Sensitivity of email headers

Encryption of mail bodies
Nowadays it seems to be a must to encrypt one’s communication, in the light of the intransparent and uncontrolled spying of US-american and british secret services upon innocent people. S/MIME and PGP, i.e. PGP/INLINE and PGP/MIME, are common methods which enable users to encrypt their email messages.

However, the encryption of emails usually doesn’t involve encryption of the email headers. The sensitivity of email headers is often underestimated. It deserves more attention, as headers contain metadata with potentially sensitive information, which allow for automated profiling e.g. of a person’s habits and used software.

Sender and Recipient headers
Several headers accompany mail delivery, among them From,To,CC,BCC,Received,Envelope-to and Return-path. Understandably it is not possible to have them end-to-end encrypted without a change in mailing infrastructure. However in general some if not all of them could be end-to-end encrypted between servers. E.g. for the delivery over a mail provider only the domain name of the receiving server is required, as the receiving host handles the assorting of messages into it’s local mailboxes itself. The complete sender address and the user part of the recipient address could be encrypted using a public key, which the receiving but no other host can decrypt. The DKIM key jumps to mind.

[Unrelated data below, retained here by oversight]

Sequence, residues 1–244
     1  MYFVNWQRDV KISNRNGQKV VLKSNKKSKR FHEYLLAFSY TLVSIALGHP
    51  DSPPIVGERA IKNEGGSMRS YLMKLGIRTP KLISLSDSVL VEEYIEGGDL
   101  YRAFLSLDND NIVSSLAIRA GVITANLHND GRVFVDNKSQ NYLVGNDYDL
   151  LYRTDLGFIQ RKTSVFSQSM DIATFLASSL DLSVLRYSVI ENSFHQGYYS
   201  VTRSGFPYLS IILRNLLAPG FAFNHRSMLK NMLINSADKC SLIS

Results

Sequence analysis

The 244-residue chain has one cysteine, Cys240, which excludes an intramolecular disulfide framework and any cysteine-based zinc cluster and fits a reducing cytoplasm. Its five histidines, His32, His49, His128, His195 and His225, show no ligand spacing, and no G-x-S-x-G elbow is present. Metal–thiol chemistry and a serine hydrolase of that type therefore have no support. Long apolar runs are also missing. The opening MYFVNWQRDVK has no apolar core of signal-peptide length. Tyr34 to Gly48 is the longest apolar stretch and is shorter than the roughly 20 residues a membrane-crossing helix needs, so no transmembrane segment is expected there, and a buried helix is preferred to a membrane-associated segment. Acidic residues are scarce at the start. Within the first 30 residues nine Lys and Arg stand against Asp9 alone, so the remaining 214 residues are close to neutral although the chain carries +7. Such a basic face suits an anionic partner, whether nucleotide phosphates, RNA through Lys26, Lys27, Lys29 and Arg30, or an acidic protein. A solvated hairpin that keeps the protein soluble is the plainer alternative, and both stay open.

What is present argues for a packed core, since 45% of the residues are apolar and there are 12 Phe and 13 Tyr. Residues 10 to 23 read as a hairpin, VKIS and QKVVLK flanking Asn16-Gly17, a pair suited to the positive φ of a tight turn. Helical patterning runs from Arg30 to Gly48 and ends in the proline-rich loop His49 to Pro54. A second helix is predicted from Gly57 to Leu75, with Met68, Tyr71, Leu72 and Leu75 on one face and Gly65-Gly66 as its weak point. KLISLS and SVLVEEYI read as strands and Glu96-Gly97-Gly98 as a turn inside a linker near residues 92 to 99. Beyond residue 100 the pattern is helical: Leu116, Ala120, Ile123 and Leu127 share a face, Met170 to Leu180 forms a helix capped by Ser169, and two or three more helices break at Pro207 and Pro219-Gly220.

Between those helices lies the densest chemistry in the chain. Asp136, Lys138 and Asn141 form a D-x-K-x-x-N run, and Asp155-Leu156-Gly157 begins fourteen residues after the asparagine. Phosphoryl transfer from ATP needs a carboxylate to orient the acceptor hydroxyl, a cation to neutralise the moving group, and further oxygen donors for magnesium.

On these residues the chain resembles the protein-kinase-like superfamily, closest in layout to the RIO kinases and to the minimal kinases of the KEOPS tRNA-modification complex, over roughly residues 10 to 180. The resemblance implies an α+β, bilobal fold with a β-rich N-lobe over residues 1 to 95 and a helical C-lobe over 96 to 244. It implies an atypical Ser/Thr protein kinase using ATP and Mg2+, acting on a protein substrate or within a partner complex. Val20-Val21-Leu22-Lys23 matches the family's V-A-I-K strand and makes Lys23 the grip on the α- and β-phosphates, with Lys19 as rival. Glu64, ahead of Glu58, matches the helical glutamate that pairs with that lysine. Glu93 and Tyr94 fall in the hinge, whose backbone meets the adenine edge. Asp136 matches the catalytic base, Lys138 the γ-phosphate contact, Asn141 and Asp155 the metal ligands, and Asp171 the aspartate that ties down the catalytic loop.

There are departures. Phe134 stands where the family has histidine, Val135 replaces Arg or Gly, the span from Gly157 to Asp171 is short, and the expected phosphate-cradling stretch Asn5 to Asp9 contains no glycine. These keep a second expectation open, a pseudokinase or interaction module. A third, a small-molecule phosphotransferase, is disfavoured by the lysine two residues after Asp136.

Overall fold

Another example of a sensitive email header is the Subject line. It’s purpose is to summarize the content of the message body. Therefore it naturally is often written in a way that gives away the main statement of the message, rendering an encryption of the message partially useless. At the very least the content of the Subject header allows an attacker to focus it’s cracking effort on messages with a particularly interesting Subject. Furthermore it allows to track message topics, replies and forwardings and provides input to categorize interests and activity of a person. Subject headers should therefore be encrypted end-to-end, which they are usually not, even when message encryption is used.

Conflicting interests
It is sometimes argued, that mail systems must be designed in a way that spam and virus filtering are possible on the mail server, as it is realized e.g. in „De-Mail“. This idea however stands in direct contradiction with the idea of end-to-end encryption, as this sort of message filtering requires access to the plaintext message by a third party.

Dark Mail
Ladar Levision and others are currently working on a specification for DMTP (as opposed to the current mail transfer protocol SMTP), which shall provide for a maximum of privacy through several layers of encryption, where every computer involved in the relay of a message is only able to decrypt the information absolutely necessary for successfull mail delivery.

Read more about Dark Mail:

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